I cannot update Ubuntu because I have 99% inode usage. What is the easiest way for me to alleviate this problem?

Thanks for your help.


4 Answers 4


The number of inodes is set at the time the partition is formatted. Normally the number of inodes created is sufficient for almost any purpose; however, if you have a great number of very small files then you can use up the inodes before the disk is full.

You need to find the many thousands of small files you have on the system that are using up inodes and either delete them, or move them to a partition that has been specifically set up with a very large number of inodes available. It is not possible to change the number of inodes available on a partition after it has been formatted.

The script written by paxdiablo on stackoverflow might be handy way to check for excessive small file use that you may not be aware of. Here it is again:

# count_em - count files in all subdirectories under current directory.
echo 'echo $(ls -a "$1" | wc -l) $1' >/tmp/count_em_$$
chmod 700 /tmp/count_em_$$
find . -mount -type d -print0 | xargs -0 -n1 /tmp/count_em_$$ | sort -n
rm -f /tmp/count_em_$$

Put this script in the text file ~/bin/count_em and then issue the command

chmod +x ~/bin/count_em

to make it executable. If you had to make the directory ~/bin then it won't be in the executable path yet, so just log out and back in again.

To run the program you just type


and it will list the numbers of all files in the current directory and subdirectories by directory, with the highest count last. Very handy!

  • THIS LINE > chmode +x ~/bin/count_em is actually > chmod +x ~/bin/count_em
    – user169677
    Commented Jun 23, 2013 at 20:15
  • 1
    is it necessary to delete all of those user-created files, or will moving them into tar archive do the trick?
    – amc
    Commented Jun 23, 2013 at 20:18
  • Archiving them is a great way to deal with it, it doesn't delete users data but makes them aware that their behaviour isn't satisfactory as they wont be able to use the files as they were previously. Chances are though that the huge number of files is generated by something no one is using and they could be safely deleted, but that is a risk.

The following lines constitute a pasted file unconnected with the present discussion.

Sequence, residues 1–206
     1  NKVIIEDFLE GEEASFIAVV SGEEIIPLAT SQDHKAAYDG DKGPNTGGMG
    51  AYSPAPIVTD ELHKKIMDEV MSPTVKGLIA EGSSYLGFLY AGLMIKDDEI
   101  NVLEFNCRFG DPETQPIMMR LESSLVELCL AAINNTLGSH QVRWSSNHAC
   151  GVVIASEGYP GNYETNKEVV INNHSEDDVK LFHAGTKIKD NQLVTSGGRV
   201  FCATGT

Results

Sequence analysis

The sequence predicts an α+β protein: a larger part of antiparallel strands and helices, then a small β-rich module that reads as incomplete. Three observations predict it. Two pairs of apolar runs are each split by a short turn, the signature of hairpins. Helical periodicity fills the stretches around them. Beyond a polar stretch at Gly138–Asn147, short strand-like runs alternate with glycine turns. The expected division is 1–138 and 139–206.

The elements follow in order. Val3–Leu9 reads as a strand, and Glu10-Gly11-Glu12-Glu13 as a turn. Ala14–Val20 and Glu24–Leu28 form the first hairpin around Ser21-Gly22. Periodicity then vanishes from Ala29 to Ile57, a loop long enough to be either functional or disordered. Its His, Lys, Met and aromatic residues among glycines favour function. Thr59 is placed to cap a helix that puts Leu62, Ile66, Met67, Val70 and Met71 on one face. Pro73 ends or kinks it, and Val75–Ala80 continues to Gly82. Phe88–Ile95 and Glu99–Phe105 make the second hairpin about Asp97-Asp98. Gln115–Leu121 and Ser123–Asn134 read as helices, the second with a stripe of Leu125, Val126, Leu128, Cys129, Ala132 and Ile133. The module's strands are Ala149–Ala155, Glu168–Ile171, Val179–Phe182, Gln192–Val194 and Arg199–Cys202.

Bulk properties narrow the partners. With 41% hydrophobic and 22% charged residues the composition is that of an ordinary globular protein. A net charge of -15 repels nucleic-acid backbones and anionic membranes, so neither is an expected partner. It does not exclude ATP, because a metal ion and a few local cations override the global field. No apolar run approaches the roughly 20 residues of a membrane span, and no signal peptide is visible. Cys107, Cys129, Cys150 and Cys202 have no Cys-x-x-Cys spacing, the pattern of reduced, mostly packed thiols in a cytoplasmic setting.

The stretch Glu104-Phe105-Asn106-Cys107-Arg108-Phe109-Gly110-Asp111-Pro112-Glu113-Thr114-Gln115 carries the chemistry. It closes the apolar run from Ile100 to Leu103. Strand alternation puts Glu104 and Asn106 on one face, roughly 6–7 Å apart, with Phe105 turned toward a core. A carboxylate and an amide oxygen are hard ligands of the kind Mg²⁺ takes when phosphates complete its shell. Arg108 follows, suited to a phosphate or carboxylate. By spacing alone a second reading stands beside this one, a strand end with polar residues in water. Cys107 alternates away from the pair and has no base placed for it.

– LovesTha
    Commented Jul 23, 2014 at 0:06
  • A good single line alternative to your script might be sudo du -a -d 1 --inodes . | sort -nr | head -20 Commented Aug 22, 2017 at 20:15
  • 1
    Of course, this doesn't work if you're completely out of inodes since it creates temporary files :(
    – Molomby
    Commented May 9, 2019 at 1:10

You can also display a sorted list of directories by number of inodes, using this command: du --inodes -d 3 / | sort -n | tail

From there, you can determine which directories to delete

  • 2
    unrecognized option '--inodes' on Ubuntu 14.04, fyi
    – Molomby
    Commented May 9, 2019 at 1:11
  • 2
    Why are you using ubundu 14.04 in 2019? I see it has coreutils 8.21 from Feb 2013, the --inodes option was added Jul 2013 lmao
    – ZN13
    Commented Jun 4, 2019 at 14:05
  • df --inodes instead of du --inodes.
    – Rick James
    Commented Jun 22, 2021 at 15:50

When you've run out of inodes, you have two options:

  1. Either remove some files from the disk (typically small files).
  2. Reformat the affected drive, allowing for more inodes.

Option 1 are discussed in other answers here, but no answers address option 2 - which I will do here.

For this example, let's say the affected disk is /dev/sda1.

To give a certain number of inodes when formatting, you can use the command mke2fs with either the -i option or the -N option. From the manpage:

-i bytes-per-inode
      Specify  the  bytes/inode ratio.  mke2fs creates an inode for every bytes-per-inode
      bytes of space on the disk.  The larger the bytes-per-inode ratio, the fewer inodes
      will  be  created.  This value generally shouldn't be smaller than the blocksize of
      the file system, since in that case more inodes would be  made  than  can  ever  be
      used.   Be  warned  that  it  is not possible to change this ratio on a file system
      after it is created, so be careful deciding the correct value for  this  parameter.
      Note  that  resizing  a  file  system changes the number of inodes to maintain this

-N number-of-inodes
      Overrides  the  default calculation of the number of inodes that should be reserved
      for the file system (which is based on the number of blocks and the bytes-per-inode
      ratio).  This allows the user to specify the number of desired inodes directly.

So to format the device using the default number of inodes (16384 bytes / inode), use the normal command: (for a 1 TB disk, this will create roughly 60 million inodes)

sudo mke2fs -t ext4 /dev/sda1

To create the partition with the double amount of inodes than previously, use this command: (note that the bytes/inode value must then be half - for a 1 TB disk, this will create roughly 120 million inodes)

sudo mke2fs -i 8192 -t ext4 /dev/sda1

And finally, to set the specific amount of inodes manually, use this command: (to create a filesystem with 200 million inodes)

sudo mke2fs -N 200000000 -t ext4 /dev/sda1

I found that the inode usage was coming from /root/.local, and deleted that folder.

  • 2
    Nothing much should be using /root/.local and it's only there for compatibility reasons. You need to find out what was writing many tiny files to this directory. Commented Dec 22, 2012 at 4:05

You must log in to answer this question.

Not the answer you're looking for? Browse other questions tagged .